You are on page 1of 17

Sanson 1

Leah Sanson
Dr. Francis
Medieval Literature
December 3, 2015
Medieval Hagiography: The Life of a Saint
Medieval hagiography is most commonly known as a work of literature that tells the tale
of a saint’s life. Hagiography alone is a genre that has been throughout society for a great deal of
time but medieval hagiography is one of the most interesting sections of this broad genre due to
the momentum of Christianity at the time. Many scholars recognize that, “hagiography covers a
vast number of texts, perhaps the greater part of medieval literature … It includes narratives such
as saints’ lives, passions, miracle collections, visions, inventions…and translations” (Taylor 2).
Because of the rise of Christianity and the dominance of the Catholic Church during the Middle
Ages, hagiographies held quite a bit of importance during the medieval times. Medieval
hagiography still holds importance today due to its commentary and portrayal of societal values
during this time along with its unique literary characteristics. While it is still under debate
whether these writings can be considered credible and accurate depictions of life during the
Middle Ages, hagiography is still highly regarded among medieval genres. From manuscripts to
themes, hagiographies are abounding with historical information. One important work produced
under this genre during the Middle Ages is the Life of Christina of Markyate. And even in the
twenty-first century, this genre is still being studied and there are modern versions of
hagiography arising.
Hagiography was present from the second century A.D. and on but became most popular
in the medieval times. Many popular hagiographies arose from earlier than the Middle Ages,

Sanson 2
“such as Eusebius of Caesarea’s account of the martyrs of Palestine (4th century AD) and Pope
Gregory I the Great’s Dialogues, a collection of stories about Saint Benedict and other 6thcentury Latin monks” (“Hagiography”). Medieval hagiography did not differ much from
hagiographies found in different time periods, the popularity of Christianity during this time just
caused these stories to grow and become better known and credible. Medieval hagiographers
just adapted to their time period. While the genre was not as popular in the earlier centuries, it
still portrayed the same ideas and followed some of the same guidelines as medieval
hagiography. There was the same structure of life before and then life after the revelation by
God. Medieval hagiography, however, dominated the genre as a whole and most of medieval
Hagiographical texts can be broken up into three different categories. These include
“those whose cultus is legitimately established in the Church and has received the sanction of the
centuries” (Delehaye 86) meaning the Catholic Church recognizes these saints and miracles they
have performed; “real persons whose cultus has been brought about irregularly” (Delehaye 86),
who are still controversial and not technically recognized by the Catholic Church; and
“imaginary people to whom real existence has eventually been attributed” (Delehaye 87). These
texts can also be classified by the acts and miracles in which canonized the saints. These range
from documented actions to acts, which have no written basis whatsoever (Delehaye 91).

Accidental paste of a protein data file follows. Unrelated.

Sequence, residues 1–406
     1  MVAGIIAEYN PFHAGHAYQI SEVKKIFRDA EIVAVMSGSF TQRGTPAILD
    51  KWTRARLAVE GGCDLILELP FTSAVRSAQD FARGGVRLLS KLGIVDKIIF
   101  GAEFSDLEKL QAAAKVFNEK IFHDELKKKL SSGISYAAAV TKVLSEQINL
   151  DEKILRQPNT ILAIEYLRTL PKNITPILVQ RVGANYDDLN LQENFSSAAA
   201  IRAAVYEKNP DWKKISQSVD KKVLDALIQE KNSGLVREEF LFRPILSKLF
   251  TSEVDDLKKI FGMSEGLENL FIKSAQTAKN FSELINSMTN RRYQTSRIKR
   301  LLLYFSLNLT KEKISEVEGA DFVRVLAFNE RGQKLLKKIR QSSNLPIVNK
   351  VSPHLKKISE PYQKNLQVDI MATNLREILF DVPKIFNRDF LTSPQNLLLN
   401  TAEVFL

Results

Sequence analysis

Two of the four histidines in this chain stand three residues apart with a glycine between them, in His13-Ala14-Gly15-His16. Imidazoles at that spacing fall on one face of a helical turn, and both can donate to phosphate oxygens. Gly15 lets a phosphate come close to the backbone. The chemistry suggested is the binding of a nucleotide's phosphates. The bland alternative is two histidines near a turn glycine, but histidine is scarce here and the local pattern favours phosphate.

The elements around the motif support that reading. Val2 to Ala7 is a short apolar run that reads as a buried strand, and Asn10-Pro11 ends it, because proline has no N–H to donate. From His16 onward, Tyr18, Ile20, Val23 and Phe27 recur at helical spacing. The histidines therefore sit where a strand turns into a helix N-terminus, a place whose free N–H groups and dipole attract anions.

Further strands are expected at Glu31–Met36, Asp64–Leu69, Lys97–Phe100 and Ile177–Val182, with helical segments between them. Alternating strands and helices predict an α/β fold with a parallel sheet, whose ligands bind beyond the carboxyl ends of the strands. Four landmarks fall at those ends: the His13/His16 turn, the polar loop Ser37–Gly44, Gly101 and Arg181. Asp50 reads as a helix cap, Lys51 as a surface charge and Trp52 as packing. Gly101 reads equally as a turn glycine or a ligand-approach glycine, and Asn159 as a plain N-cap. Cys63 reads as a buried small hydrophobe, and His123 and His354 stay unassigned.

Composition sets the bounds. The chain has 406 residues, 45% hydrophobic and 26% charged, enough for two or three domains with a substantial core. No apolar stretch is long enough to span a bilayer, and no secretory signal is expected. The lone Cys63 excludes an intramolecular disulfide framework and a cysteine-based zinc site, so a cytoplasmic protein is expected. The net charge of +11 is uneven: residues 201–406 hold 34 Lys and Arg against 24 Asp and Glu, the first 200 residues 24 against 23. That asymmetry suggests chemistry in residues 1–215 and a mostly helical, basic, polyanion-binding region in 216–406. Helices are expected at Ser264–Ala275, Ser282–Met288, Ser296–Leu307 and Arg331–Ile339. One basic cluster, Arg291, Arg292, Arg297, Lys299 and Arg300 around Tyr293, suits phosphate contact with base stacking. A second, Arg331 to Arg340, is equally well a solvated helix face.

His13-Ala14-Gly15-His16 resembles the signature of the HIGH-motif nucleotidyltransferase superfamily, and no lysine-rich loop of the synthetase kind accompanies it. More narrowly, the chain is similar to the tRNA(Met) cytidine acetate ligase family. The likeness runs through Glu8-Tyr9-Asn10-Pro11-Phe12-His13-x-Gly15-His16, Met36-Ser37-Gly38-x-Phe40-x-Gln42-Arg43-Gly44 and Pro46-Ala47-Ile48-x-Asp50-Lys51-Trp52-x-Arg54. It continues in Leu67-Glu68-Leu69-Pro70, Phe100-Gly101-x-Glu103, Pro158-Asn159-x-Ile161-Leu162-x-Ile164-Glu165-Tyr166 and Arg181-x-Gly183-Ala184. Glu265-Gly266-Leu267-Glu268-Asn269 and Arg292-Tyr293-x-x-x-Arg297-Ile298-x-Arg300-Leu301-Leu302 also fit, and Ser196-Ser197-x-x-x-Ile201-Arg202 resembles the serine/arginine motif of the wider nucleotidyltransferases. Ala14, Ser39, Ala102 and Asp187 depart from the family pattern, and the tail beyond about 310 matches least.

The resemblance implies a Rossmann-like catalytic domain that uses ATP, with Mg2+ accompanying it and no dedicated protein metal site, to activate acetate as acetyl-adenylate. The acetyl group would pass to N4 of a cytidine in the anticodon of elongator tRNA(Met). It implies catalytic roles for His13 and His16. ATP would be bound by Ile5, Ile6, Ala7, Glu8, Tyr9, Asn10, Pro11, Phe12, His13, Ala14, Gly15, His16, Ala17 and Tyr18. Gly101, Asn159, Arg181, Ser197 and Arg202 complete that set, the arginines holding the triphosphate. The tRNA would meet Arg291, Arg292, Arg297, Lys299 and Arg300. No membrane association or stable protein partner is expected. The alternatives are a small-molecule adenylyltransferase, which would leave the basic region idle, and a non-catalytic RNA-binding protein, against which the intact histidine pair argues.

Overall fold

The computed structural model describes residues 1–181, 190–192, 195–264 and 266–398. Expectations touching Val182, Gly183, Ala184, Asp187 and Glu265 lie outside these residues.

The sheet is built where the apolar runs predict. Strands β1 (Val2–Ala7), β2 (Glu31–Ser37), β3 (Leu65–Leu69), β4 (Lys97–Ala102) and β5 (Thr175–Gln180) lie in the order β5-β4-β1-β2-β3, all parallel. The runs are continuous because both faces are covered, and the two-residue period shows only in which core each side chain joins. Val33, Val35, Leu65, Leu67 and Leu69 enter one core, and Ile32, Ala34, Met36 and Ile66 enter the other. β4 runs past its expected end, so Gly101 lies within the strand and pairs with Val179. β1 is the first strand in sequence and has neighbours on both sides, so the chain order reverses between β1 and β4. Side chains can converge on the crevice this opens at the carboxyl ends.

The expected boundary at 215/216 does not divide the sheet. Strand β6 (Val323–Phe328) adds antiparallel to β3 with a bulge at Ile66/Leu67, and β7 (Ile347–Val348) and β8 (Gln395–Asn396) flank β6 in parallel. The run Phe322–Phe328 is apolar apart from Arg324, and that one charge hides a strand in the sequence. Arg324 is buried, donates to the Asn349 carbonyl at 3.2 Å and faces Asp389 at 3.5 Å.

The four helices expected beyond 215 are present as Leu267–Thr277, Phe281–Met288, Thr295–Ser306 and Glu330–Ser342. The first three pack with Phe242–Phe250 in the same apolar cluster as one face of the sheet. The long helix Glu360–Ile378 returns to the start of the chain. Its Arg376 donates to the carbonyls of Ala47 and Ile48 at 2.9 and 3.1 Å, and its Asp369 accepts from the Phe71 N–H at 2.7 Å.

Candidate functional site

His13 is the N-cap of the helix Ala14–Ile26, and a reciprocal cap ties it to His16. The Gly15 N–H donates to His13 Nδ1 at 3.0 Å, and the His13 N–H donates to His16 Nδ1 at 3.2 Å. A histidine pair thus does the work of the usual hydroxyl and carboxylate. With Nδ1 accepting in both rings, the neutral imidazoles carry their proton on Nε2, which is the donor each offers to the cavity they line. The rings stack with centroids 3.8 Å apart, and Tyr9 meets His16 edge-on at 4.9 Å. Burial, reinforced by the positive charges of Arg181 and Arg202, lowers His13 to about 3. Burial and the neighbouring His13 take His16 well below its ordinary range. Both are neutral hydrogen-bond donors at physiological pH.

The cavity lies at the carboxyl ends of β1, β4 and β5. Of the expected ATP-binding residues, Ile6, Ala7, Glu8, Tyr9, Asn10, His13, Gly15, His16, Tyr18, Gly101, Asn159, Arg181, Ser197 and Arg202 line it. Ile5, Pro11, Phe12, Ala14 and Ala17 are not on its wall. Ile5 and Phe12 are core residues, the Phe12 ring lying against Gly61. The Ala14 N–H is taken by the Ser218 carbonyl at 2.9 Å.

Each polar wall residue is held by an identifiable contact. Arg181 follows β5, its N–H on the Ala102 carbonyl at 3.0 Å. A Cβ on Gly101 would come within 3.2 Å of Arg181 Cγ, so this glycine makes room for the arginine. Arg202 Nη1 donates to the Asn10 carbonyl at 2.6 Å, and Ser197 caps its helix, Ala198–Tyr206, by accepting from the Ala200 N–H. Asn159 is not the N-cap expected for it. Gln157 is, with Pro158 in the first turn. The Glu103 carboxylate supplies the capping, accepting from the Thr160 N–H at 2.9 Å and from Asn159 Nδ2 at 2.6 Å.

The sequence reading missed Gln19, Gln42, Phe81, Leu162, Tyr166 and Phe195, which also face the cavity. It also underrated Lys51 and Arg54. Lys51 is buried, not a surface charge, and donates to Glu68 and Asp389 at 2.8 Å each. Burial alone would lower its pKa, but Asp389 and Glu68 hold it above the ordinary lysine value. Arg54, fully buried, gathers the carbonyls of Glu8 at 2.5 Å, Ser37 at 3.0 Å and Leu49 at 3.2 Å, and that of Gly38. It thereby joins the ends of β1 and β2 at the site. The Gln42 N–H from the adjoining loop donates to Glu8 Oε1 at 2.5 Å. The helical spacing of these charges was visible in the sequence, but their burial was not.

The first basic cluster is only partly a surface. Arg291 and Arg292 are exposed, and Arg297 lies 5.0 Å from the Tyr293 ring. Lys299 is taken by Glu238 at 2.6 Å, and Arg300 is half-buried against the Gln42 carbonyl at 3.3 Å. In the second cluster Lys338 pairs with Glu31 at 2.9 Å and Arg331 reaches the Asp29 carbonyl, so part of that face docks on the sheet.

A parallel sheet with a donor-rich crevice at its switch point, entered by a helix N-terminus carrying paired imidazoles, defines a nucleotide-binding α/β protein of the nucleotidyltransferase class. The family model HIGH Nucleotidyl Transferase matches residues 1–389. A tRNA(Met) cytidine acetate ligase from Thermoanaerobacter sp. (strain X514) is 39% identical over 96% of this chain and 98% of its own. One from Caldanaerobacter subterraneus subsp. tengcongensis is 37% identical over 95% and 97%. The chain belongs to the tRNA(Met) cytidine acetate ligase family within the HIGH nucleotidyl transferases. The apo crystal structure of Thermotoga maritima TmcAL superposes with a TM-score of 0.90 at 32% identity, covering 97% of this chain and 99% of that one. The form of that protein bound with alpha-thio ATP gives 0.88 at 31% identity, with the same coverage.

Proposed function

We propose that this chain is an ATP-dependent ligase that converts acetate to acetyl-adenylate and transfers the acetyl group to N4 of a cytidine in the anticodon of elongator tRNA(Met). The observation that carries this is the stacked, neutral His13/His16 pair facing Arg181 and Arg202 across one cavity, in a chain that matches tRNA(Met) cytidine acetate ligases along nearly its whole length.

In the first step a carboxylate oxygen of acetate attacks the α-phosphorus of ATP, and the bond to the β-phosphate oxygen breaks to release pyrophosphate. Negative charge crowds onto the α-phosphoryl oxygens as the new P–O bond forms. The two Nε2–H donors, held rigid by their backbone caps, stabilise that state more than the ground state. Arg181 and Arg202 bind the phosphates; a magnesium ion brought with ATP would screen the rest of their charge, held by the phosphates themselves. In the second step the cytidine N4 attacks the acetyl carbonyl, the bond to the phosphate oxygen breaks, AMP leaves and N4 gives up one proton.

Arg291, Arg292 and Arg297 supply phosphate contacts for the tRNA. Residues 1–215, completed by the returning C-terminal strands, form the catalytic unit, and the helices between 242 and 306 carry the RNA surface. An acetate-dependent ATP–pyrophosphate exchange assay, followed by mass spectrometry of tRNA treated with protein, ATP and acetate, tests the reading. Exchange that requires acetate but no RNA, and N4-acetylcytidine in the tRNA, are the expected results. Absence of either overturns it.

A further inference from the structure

Medieval hagiographies grew and branched out from centuries before and now there are many
subgenres found under it.
Travelling throughout Europe during the Middle Ages has caused hagiography to gain a
life of its own. This genre travelled through Europe so easily because hagiographies were so
closely tied with the Catholic Church. Wherever the religion went, the stories of the saints’ lives

Sanson 3
followed. This allowed for the rise in popularity of hagiographies throughout Europe during the
Middle Ages. This genre of texts is seen as one of the largest genres found in the Middle Ages.
It is seen as “perhaps the greater part of medieval literature” (Taylor 2). This also caused the
genre to grow and for many different sub genres to emerge under it. Through this genre there are
more than three different subgenres. From what historians have studied, there are subgenres of
hagiography that can be broken up into stories of apostles, martyrs, confessors, and virgins (Salih
Understanding the role of hagiographers is important in the understanding the whole of
medieval hagiographies in history. These authors are important to the meaning of the text
because they are those who chose what information to place in these texts and they also made
their stories personal to their own experiences. A hagiographer “adapted his material, and thus in
some measure gave it the mark of his own personality” (Delehaye 66-67). Like any work of
literature today, the author put his personal mark on the artifact. The hagiographer also has an
interesting role through the writing of literature. They take “the position of mediator, both
between the saint and the audience and between textual tradition and his own present day” (Salih
11). These authors had many sources and accounts that could form their writing but the
hagiographer was “bound to be moved by his own preferences” (Delehaye 59), this causes some
problems for those today that study hagiography because this complicates the question of
whether or not medieval hagiography can be considered historical documents. Hagiographers
were, and still are, under scrutiny but protected themselves a bit from future critics. Just like any
biographer, they “sought to disarm potential critics by identifying their sources, minimizing the
importance of miracles as against a virtuous life, and protesting their modest literary skills”
(Goodich 174). These tactics protect them as authors and makes their work more credible.

Sanson 4
Medieval hagiographers attempted to write their works unbiased but their feelings and opinions
arose in hagiographies, especially in the prologue of the text. This is what creates the argument
of the credibility of hagiographical texts.
Through careful analysis, historians are attempting to determine the historical value of
medieval hagiographies. Hagiographical texts are argued upon greatly because scholars have
very different opinions on if these texts should be accredited as historical documents or not.